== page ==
I have yet to find a positive Scripture about debt. Everything I’ve ever read in the Bible about debt warns of its ability to enslave or bring darkness into your life.

Borrowing is not sin, but it puts you at a disadvantage. When you are in debt, you are beholden to someone else. Scripture warns against such a relationship. God’s principles and debt are not compatible; they are unequally yoked.

The 21 Day Financial FastBorrowing also puts you in the position of promising to pay for stuff before you’ve earned the money to pay for it. Scripture warns against such arrogance: “Do not boast about tomorrow, for you do not know what a day may bring” (Prov. 27:1). When you borrow, counting on income you haven’t earned, you put yourself in a position of relying not on God but on the illusion of stability to help you honor your debts. This is a situation you should avoid or keep to a minimum.

The clearest warning in the Bible about being in debt is this: “The rich rule over the poor, and the borrower is slave to the lender” (Prov. 22:7). When you take on debt, you put yourself in bondage.

Visa once had an advertising slogan that said, “Life takes Visa.” But ask yourself, is your Visa debt taking over your life? If you are in debt, then according to Scripture, you are a slave. If you are a slave, then you have a master. In fact, isn’t that what many people have in MasterCard? Scripture says, “No one can serve two masters. Either you will hate the one and love the other, or you will be devoted to the one and despise the other. You cannot serve both God and money” (Matt. 6:24).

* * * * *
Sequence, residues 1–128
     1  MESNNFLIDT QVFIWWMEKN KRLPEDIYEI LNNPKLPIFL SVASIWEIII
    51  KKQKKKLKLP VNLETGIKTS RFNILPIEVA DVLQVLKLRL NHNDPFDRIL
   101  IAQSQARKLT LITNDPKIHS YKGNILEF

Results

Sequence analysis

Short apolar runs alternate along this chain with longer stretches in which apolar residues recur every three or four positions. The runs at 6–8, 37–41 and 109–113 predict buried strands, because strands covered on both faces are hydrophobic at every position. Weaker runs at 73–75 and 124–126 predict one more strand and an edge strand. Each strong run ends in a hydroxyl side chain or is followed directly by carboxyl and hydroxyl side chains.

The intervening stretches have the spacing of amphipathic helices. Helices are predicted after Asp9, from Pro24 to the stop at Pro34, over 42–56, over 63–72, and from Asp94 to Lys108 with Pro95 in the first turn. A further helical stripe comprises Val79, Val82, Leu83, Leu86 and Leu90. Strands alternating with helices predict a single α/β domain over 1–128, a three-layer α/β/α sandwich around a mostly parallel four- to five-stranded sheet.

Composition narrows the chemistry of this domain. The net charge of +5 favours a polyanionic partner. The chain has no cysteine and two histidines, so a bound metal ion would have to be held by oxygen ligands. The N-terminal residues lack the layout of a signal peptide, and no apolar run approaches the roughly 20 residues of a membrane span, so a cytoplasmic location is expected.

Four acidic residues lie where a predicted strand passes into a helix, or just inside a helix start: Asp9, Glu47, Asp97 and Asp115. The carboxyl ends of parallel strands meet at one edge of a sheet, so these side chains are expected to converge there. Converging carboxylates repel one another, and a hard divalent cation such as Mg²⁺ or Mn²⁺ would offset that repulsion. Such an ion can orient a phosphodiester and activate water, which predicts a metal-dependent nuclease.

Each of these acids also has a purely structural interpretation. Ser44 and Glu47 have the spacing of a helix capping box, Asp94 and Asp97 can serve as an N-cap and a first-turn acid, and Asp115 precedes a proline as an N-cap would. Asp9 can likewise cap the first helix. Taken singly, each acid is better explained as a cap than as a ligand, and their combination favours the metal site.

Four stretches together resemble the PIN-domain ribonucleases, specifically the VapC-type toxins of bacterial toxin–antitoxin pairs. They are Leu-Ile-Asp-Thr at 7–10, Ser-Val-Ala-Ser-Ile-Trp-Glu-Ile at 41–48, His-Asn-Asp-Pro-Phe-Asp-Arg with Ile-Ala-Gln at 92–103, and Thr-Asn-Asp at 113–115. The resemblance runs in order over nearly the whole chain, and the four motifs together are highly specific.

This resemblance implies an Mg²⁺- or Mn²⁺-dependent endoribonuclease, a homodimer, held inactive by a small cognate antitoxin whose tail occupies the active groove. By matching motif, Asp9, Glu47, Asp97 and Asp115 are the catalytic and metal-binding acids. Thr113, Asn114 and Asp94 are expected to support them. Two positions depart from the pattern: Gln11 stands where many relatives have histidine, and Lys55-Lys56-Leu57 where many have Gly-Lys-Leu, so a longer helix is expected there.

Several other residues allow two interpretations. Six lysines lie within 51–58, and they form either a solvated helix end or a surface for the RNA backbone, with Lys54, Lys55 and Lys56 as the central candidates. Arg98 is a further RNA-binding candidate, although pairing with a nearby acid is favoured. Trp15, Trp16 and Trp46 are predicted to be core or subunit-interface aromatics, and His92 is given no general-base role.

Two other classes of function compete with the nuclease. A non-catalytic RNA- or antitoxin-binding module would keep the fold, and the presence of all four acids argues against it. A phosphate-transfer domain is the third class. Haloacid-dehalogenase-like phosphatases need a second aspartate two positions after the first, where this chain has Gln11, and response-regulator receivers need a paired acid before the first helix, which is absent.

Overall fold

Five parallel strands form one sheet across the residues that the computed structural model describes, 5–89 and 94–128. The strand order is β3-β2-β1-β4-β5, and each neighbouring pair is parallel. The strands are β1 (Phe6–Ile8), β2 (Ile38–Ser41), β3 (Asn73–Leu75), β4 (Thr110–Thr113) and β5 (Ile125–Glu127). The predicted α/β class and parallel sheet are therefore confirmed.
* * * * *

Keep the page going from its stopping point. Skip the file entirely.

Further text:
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If you are a slave when you are in debt, what do you have if you don’t have debt? Freedom. When you are released from debt, you are no longer beholden to someone else. You free up money to be used for the things you value. If you didn’t have a mortgage, perhaps you could volunteer more in your community. You could increase your giving to the poor. You could spend more time with your family. You could travel. You could leave that job you hate and pursue a career that truly makes you happy. You could do so much more without the burden of carrying debt. God knows all of this, and it’s why he cautions us about becoming burdened by debt.